Dr. Gawande’s point is that medicine would function better if care were delivered by huge health systems that can achieve economies of scale, like commercial kitchens. Care ought to be standardized like preparing a side of beef, with a “single default way” to perform each treatment supposedly based on evidence, with little room for personalization.
No doubt health care could learn a lot about efficiency from a lot of industries, but to understand the core problem with assembly-line medicine, recall that ObamaCare actively promotes medical corporatism. The reason isn’t to encourage business efficiency but for political control. Liberals believe in health-care consolidation because fewer giant corporations are easier for Mr. Orszag’s central committee to control, and more amenable to its orders.
Thanks to ObamaCare, Cheesecake Factory medicine is already becoming a reality. Irving Levin Associates, a research firm that tracks health-care mergers and acquisitions, reports that M&A hit $61.2 billion in the second quarter and the highest annual levels since the 1990s. Three of five hospitals now belong to a parent company’s network, while more than half of physicians are employed by hospitals or systems, not independent practitioners.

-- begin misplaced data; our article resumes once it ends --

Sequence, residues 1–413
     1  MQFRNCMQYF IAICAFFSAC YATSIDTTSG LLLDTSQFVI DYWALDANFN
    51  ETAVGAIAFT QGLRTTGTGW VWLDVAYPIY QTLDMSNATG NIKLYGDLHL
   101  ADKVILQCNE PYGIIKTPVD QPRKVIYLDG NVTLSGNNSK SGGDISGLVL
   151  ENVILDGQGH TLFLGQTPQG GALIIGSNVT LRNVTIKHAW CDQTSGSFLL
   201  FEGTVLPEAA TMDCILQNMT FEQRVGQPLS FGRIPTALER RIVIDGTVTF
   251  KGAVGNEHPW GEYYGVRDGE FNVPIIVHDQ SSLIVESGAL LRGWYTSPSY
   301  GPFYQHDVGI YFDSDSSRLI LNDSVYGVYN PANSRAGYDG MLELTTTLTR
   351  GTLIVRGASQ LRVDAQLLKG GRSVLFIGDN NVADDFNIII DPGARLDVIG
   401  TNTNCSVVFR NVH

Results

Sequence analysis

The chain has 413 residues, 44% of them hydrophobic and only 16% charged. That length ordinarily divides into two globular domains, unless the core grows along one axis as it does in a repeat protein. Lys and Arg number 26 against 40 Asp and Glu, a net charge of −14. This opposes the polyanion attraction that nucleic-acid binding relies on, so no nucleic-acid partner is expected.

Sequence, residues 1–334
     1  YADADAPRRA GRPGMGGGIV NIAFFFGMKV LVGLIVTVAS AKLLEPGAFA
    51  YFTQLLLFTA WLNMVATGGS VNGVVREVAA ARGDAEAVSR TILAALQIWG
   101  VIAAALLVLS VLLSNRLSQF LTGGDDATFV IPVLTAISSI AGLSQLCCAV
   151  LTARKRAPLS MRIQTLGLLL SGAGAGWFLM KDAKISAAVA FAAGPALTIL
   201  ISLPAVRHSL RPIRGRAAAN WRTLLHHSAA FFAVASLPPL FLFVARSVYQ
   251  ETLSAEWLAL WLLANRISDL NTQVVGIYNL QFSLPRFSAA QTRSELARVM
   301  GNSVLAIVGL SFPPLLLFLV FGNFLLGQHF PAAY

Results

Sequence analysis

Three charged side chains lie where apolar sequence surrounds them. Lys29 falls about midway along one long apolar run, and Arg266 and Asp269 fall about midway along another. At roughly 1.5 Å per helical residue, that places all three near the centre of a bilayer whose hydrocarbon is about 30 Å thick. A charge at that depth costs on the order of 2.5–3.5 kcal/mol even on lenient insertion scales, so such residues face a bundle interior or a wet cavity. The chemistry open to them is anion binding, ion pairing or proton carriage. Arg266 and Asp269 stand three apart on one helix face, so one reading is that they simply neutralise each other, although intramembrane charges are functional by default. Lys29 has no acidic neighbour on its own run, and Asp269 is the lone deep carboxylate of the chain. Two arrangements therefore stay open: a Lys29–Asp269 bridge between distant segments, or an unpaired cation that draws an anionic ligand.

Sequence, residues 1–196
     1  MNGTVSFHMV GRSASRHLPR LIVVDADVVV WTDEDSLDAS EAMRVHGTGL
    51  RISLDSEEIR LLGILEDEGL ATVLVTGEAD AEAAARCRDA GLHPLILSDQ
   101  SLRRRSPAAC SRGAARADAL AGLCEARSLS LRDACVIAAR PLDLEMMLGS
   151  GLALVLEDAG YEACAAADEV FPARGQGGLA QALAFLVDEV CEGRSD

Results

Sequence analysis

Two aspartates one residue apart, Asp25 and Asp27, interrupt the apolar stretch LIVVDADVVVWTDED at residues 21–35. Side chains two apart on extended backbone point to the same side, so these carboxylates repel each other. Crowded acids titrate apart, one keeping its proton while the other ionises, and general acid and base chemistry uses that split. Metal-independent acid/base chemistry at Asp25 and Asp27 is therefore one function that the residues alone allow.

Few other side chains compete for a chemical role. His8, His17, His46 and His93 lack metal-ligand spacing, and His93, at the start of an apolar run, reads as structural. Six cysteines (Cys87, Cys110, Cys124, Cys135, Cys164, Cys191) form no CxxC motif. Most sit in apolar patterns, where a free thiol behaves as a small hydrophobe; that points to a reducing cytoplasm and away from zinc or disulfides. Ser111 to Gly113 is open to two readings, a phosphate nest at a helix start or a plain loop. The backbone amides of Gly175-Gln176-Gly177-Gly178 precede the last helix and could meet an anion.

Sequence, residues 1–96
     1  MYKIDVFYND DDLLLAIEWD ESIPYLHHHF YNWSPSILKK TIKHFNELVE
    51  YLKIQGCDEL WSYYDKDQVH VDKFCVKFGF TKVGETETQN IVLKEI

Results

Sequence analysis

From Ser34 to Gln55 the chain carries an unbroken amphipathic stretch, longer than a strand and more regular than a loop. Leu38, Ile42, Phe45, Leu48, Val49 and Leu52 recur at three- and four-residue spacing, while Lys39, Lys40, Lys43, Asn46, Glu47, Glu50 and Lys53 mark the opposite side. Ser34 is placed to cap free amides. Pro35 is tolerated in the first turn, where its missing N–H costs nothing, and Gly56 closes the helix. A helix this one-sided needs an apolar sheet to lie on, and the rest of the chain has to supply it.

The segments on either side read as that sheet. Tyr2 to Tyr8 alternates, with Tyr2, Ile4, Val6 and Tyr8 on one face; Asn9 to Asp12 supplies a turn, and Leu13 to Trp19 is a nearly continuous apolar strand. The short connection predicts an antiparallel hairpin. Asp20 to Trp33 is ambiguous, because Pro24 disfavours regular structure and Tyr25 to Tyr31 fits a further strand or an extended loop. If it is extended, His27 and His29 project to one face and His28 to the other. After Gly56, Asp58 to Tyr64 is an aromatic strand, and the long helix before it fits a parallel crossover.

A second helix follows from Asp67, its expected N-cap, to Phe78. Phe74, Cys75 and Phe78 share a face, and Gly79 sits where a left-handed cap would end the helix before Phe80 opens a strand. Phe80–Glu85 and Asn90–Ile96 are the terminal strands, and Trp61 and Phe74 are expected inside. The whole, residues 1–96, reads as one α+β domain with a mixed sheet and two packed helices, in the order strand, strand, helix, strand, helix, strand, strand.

On the insurer side, too, incumbents are demolishing their smaller rivals. Aetna is buying Coventry Health Care, a company that administers Medicare and Medicaid benefits, for $5.6 billion. WellPoint made the same play in acquiring Amerigroup for $5 billion in July, while last October Cigna laid out $3.8 billion for HealthSpring.
This bureaucratization will amplify everything patients and businesses despise about the current system: the unintelligible $103,234.61 bill for a turned ankle, the doctor who can’t take a phone call because of how the hospital schedules shift.
Why aren’t mom’s eight specialists aware of each other’s existence? Why is health care mostly conducted via a pad and pen, and beepers and fax machines, in the iPhone era? Why are there so few geriatricians when the first wave of Baby Boomers is already turning 65? Why is it still so hard to find usable information about quality and prices?